looked and the finer he was the more money he would bring if they

wanted to sell them. I have heard my mother and father talk about it

plenty of times.



"My father worked in the field during slavery. My mother didn't do

much of no kind of work much. She was a woman that had lots of

children to take care of. She had four children during slavery and

twelve altogether. Her children were all small when freedom was

declared. My oldest brother, I don't remember much about slavery

except playing 'round with him and with the other little boys, the

white boys and the nigger boys. They were very nice to me.



"I was a great big boy when I heard them talking about the pateroles

catching them or whipping them. At that time when they would go off

they would have to have a pass. When they went off if they didn't have

a pass they would whip and report them to their owners. And they would

be likely to get another brushing from the owners. The pateroles never

bothered the children any. The children couldn't go anywhere without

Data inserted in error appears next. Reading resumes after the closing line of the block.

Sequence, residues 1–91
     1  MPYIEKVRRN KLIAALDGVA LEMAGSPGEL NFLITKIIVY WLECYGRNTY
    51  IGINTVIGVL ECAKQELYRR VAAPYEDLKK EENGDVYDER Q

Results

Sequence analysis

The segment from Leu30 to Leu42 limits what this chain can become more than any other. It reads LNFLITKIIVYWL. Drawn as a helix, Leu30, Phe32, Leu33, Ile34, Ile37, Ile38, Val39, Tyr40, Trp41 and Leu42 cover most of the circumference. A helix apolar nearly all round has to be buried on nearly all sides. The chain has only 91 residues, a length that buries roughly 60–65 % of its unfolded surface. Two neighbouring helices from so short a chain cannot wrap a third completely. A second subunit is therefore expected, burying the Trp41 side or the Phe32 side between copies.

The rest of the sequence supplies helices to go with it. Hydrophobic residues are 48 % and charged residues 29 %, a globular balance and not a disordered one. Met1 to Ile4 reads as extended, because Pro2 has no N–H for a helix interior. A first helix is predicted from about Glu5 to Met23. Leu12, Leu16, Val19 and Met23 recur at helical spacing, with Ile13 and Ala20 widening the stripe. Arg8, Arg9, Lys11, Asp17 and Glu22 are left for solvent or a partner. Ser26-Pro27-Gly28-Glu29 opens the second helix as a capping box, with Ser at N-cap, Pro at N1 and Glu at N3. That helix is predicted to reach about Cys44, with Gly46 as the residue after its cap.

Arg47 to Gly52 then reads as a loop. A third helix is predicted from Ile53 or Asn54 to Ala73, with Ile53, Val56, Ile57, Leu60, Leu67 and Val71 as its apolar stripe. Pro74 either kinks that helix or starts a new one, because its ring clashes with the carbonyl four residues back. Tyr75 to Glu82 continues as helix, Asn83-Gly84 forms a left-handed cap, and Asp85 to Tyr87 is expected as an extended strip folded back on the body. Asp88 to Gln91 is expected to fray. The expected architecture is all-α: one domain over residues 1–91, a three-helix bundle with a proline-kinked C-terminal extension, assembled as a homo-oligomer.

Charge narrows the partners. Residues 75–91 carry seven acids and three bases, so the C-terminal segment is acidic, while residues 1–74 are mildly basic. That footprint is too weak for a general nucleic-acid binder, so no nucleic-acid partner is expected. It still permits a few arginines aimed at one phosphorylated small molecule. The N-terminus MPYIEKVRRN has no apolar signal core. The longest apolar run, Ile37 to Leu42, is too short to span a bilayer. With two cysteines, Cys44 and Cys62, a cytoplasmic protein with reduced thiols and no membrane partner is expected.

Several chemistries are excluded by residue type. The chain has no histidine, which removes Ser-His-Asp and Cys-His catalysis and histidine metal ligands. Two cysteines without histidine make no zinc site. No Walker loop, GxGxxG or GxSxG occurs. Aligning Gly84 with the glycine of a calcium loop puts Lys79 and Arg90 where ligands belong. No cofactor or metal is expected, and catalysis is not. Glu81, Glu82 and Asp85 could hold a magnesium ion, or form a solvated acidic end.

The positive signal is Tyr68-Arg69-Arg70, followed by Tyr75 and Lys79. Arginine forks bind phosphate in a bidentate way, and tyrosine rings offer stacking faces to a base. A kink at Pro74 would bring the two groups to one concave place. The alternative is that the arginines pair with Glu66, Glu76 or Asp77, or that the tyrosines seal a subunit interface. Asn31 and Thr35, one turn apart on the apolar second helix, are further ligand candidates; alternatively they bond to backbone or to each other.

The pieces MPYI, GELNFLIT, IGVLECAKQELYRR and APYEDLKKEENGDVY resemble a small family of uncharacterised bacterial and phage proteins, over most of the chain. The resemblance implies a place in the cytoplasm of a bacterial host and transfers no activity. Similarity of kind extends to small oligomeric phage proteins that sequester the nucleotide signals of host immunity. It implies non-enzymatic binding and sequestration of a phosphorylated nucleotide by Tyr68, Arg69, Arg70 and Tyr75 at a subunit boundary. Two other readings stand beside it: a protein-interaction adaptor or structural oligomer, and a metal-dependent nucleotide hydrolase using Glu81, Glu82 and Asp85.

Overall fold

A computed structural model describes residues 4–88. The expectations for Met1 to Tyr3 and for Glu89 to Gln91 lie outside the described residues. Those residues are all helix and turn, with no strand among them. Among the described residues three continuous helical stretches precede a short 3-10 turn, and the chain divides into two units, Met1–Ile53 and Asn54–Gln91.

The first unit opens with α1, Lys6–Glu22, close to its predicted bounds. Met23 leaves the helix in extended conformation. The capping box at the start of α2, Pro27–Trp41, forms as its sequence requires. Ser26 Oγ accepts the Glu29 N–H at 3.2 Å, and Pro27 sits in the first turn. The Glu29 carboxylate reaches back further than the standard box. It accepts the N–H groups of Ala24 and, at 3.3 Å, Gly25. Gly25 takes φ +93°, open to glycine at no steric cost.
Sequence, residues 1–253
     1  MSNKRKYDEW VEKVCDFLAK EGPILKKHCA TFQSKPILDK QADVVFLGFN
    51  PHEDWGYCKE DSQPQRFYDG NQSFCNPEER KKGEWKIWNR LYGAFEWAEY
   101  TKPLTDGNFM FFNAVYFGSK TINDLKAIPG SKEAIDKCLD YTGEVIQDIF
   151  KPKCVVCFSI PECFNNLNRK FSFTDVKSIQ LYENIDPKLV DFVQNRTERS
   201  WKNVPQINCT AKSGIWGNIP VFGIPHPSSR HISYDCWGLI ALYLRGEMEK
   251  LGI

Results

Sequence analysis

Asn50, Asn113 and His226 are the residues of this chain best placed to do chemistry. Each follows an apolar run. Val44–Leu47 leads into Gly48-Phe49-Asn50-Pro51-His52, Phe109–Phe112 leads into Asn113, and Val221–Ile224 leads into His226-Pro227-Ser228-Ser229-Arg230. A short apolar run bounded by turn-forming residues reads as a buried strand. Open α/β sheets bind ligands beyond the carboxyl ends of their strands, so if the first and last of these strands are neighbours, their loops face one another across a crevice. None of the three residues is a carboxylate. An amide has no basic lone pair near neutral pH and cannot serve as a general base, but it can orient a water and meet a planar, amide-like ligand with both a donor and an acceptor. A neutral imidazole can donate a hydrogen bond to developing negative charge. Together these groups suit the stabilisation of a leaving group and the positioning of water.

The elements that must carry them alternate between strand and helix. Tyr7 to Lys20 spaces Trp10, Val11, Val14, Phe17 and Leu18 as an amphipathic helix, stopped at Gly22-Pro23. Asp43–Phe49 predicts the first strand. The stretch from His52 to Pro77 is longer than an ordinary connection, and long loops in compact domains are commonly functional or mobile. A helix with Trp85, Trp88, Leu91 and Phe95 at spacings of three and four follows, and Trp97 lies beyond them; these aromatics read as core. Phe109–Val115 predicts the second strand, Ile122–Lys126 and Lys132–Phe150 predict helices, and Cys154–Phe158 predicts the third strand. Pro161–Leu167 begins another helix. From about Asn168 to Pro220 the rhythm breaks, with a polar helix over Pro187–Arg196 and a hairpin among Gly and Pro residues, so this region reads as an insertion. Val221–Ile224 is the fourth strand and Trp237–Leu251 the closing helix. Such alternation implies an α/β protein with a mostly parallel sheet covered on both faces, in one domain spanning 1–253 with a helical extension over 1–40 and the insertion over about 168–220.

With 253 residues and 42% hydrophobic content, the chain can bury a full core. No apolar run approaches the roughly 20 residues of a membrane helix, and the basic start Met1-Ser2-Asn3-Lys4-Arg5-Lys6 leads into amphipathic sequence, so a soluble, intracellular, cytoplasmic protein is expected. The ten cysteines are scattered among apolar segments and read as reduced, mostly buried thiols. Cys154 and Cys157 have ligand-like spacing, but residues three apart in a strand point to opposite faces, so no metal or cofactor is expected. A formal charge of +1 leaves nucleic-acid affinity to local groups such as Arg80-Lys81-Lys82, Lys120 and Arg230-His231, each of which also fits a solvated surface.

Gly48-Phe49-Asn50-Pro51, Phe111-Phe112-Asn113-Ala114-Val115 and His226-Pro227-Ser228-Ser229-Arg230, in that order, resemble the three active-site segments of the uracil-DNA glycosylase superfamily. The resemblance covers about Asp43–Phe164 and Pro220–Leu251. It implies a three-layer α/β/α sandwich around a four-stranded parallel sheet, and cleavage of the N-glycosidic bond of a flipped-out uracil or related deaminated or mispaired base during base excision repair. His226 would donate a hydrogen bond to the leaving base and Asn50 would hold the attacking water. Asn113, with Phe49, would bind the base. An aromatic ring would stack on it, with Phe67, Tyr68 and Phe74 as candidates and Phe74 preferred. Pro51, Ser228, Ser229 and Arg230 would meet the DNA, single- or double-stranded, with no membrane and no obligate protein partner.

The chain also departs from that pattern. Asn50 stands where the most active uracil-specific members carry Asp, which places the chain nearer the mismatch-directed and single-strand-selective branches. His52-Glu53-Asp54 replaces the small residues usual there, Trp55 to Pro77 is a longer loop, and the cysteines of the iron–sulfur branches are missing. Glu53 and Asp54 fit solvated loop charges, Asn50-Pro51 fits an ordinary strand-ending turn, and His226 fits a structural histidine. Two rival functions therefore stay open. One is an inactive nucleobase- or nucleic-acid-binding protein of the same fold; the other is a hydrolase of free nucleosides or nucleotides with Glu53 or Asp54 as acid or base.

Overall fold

the consent of the mother and father. And there wasn't any danger of

them running off. If they caught a little child between plantations,

they would probably just run them home. It was all right for a child

to go in the different quarters and play with one another during

daytime just so they got back before night. I was a small boy but I

have very good recollections about these things. I couldn't tell you

whether the pateroles ever bothered my father or not. Never heard him

say. But he was a careful man and he always knew the best time and way

to go and come. Them old fellows had a way to git by as well as we do

now.



"They fed the slaves about what they wanted to. They would give them

meat and flour and meal. I used to hear my father say the old boss fed

him well. Then again they would have hog killln' time 'long about

Christmas. The heads, lights, chittlings and fats would be given to

the slaves. 'Course I didn't know much about that only what I heard

from the old folks talking about it. They lived in the way of eating,

I suppose, better than they do now. Had no expense whatever.



"As to amusements, I'll tell you I don't know. They'd have little